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Qualifying Column Names in Subqueries

In the following example, the CustomerID column in the WHERE clause of the outer query is implicitly qualified by the table name in the outer query's FROM clause, Sales.Store. The reference to CustomerID in the select list of the subquery is qualified by the subquery's FROM clause, that is, by the Sales.Customer table.

USE AdventureWorks2008R2;
GO
SELECT Name
FROM Sales.Store
WHERE BusinessEntityID NOT IN
    (SELECT CustomerID
     FROM Sales.Customer
     WHERE TerritoryID = 5)

The general rule is that column names in a statement are implicitly qualified by the table referenced in the FROM clause at the same level. If a column does not exist in the table referenced in the FROM clause of a subquery, it is implicitly qualified by the table referenced in the FROM clause of the outer query.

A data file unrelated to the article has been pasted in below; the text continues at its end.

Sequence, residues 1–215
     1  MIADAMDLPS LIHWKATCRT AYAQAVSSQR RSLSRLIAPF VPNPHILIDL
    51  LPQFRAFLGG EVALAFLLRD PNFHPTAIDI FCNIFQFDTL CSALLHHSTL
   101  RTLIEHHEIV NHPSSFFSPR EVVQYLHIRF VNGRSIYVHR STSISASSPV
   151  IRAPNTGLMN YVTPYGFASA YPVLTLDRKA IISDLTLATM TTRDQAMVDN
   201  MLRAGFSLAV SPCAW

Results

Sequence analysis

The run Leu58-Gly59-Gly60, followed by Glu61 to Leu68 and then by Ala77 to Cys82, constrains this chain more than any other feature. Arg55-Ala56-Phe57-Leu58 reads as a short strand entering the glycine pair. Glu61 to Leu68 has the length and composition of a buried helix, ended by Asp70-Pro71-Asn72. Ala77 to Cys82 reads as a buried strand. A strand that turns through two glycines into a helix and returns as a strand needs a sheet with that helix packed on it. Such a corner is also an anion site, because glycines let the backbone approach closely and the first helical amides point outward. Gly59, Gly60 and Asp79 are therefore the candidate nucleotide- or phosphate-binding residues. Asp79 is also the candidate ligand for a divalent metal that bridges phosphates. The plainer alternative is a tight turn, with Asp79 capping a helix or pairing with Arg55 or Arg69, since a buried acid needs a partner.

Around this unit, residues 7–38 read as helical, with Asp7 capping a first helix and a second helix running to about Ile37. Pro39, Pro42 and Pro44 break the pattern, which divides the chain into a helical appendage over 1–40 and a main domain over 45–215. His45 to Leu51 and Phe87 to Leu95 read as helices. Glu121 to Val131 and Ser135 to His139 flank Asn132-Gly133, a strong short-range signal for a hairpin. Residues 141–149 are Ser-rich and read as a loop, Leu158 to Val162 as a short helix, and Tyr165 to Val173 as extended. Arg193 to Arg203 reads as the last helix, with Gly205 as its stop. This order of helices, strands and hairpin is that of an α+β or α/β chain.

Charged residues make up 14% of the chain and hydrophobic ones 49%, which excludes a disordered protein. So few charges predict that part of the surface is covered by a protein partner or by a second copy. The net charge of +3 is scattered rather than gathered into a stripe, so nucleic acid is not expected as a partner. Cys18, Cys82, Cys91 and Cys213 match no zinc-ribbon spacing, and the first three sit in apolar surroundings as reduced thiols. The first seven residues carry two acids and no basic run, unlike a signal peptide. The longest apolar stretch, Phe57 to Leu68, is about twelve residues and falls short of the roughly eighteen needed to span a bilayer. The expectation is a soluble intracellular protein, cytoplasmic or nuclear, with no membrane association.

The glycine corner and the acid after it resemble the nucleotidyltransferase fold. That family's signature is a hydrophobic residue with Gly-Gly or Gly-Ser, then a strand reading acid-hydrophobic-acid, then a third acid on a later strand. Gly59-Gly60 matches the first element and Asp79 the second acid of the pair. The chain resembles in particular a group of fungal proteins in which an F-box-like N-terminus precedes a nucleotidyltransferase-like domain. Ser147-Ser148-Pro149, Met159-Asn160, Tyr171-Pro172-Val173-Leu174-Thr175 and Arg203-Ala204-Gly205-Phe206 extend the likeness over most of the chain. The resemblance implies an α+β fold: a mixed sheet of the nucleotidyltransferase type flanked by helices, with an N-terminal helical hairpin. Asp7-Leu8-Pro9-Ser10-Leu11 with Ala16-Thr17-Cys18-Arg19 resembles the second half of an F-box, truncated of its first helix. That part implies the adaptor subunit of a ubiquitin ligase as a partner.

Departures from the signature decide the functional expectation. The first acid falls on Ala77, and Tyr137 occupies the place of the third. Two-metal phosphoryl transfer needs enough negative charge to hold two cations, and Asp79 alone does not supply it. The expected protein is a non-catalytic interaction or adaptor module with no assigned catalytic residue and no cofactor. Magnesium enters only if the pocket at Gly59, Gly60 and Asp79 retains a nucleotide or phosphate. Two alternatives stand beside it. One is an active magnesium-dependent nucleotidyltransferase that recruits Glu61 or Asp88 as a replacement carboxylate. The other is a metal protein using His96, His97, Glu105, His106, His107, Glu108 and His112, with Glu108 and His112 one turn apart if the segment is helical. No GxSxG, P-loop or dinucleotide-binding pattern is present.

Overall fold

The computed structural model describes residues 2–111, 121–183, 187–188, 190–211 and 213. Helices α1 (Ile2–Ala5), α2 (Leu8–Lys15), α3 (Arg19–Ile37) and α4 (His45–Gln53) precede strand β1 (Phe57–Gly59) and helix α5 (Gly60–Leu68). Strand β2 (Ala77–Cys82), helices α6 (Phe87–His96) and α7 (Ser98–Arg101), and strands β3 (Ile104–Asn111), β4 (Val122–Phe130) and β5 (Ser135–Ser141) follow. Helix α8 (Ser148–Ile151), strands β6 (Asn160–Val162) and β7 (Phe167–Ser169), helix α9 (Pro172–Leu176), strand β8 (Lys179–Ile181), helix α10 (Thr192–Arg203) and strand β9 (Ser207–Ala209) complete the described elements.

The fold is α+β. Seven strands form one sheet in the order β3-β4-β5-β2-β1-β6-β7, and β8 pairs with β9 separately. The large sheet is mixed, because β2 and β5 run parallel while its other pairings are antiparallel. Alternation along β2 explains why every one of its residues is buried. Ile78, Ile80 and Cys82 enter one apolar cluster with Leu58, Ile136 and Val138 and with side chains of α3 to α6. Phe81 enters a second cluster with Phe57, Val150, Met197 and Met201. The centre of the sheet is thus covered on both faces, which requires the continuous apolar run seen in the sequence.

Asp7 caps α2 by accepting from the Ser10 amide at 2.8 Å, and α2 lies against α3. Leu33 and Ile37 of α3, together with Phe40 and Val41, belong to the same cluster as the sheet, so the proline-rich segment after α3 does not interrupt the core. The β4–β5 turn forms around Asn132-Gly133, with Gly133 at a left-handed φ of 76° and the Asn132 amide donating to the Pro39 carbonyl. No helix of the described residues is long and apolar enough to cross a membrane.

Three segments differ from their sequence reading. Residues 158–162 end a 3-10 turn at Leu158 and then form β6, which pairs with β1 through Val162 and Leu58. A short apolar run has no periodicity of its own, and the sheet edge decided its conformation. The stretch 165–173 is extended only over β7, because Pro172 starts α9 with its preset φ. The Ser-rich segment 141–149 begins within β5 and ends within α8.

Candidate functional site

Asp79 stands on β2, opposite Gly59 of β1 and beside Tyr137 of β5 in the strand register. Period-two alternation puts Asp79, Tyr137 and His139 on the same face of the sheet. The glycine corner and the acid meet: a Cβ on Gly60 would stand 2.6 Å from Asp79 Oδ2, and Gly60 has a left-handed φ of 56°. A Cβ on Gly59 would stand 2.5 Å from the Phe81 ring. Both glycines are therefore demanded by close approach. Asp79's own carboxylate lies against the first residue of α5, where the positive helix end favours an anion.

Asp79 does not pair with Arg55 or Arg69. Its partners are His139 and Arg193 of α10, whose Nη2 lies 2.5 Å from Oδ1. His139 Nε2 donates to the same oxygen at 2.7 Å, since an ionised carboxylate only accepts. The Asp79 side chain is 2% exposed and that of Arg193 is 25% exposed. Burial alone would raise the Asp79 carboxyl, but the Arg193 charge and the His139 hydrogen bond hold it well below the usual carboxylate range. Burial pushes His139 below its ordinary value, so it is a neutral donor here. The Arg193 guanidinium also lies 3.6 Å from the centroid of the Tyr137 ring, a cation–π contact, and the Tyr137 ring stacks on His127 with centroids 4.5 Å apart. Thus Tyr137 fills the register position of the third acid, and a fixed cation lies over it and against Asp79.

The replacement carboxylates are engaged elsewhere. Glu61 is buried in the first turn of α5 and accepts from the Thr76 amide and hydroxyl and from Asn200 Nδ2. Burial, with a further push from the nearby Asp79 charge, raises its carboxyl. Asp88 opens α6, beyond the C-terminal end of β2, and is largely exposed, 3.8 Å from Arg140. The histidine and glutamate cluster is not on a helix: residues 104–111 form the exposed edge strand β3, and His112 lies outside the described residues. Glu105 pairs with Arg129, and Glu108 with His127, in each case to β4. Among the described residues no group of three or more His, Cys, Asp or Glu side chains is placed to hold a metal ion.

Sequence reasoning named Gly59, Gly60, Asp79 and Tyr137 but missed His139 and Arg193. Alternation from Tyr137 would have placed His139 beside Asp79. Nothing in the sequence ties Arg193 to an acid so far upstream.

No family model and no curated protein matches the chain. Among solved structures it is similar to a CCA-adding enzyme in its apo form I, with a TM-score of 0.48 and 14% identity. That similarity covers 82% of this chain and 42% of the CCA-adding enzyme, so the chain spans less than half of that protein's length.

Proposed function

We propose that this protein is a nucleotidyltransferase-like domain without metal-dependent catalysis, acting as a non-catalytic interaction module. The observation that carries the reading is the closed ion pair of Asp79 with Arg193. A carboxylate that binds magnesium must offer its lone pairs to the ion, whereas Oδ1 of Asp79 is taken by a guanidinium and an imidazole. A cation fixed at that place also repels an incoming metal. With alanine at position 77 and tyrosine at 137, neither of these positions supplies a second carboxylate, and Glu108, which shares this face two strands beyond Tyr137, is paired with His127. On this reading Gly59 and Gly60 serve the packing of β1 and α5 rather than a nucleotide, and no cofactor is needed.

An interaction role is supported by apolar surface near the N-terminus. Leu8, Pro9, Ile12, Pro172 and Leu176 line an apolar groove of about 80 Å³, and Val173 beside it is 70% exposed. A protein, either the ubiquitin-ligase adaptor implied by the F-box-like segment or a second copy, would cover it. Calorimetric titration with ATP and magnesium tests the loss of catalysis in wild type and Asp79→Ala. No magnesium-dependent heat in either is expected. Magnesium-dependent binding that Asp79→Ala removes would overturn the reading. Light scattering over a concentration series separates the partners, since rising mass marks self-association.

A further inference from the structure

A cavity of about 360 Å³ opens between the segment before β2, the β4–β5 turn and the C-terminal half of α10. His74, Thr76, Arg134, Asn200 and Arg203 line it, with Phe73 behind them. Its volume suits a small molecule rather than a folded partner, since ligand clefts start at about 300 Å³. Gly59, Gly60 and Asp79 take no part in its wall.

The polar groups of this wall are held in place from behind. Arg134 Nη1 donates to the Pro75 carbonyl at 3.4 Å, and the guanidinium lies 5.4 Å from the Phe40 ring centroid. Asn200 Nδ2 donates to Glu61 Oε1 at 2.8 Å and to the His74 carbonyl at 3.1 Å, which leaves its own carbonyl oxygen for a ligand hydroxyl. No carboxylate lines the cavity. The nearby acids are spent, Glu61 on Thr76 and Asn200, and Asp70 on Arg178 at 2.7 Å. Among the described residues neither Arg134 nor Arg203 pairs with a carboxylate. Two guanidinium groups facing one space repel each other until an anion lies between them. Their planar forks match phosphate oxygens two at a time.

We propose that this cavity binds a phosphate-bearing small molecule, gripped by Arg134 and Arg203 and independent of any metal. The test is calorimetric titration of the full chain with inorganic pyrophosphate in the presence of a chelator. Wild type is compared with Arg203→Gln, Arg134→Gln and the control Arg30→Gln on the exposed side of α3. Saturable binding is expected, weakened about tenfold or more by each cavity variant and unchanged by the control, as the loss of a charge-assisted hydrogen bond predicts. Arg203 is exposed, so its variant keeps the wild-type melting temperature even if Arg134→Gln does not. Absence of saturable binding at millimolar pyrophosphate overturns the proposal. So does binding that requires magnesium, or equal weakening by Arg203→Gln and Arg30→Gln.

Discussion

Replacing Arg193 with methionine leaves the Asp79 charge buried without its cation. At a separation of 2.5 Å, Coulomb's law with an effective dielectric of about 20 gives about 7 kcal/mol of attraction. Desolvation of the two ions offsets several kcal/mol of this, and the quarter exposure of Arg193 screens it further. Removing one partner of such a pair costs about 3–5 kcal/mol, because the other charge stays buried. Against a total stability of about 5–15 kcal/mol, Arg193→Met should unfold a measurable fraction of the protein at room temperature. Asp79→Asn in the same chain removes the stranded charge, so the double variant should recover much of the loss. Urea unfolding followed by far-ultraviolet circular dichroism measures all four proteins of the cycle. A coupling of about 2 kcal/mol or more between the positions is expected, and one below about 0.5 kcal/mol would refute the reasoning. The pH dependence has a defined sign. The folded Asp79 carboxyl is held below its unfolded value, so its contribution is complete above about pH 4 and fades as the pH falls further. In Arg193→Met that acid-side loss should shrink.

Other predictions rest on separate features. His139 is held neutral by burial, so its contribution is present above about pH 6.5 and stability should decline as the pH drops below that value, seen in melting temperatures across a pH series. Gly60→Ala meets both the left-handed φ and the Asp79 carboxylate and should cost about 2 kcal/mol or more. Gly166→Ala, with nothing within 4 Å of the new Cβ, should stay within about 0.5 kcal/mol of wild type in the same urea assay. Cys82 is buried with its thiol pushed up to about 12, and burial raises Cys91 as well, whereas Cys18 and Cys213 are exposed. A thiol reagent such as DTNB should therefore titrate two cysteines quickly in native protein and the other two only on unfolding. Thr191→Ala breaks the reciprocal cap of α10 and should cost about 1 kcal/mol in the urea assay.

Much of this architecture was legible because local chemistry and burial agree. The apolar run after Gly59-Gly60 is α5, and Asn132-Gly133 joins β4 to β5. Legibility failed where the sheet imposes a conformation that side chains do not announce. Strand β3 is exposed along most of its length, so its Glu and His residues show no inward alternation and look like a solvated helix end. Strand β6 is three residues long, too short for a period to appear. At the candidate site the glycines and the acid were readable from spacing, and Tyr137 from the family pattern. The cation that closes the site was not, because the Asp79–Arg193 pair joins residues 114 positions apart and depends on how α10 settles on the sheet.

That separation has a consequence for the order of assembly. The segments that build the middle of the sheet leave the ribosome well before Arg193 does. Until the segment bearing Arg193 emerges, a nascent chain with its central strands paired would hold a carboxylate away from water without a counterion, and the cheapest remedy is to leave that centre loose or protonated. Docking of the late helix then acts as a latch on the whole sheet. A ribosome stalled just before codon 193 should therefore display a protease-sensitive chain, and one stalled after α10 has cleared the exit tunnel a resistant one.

Here is what the query looks like with these implicit assumptions specified:

USE AdventureWorks2008R2;
GO
SELECT Name
FROM Sales.Store
WHERE Sales.Store.BusinessEntityID NOT IN
    (SELECT Sales.Customer.CustomerID
     FROM Sales.Customer
     WHERE TerritoryID = 5)

It is never wrong to state the table name explicitly, and it is always possible to override implicit assumptions about table names with explicit qualifications.

Caution noteCaution

If a column is referenced in a subquery that does not exist in the table referenced by the subquery's FROM clause, but exists in a table referenced by the outer query's FROM clause, the query executes without error. SQL Server implicitly qualifies the column in the subquery with the table name in the outer query.

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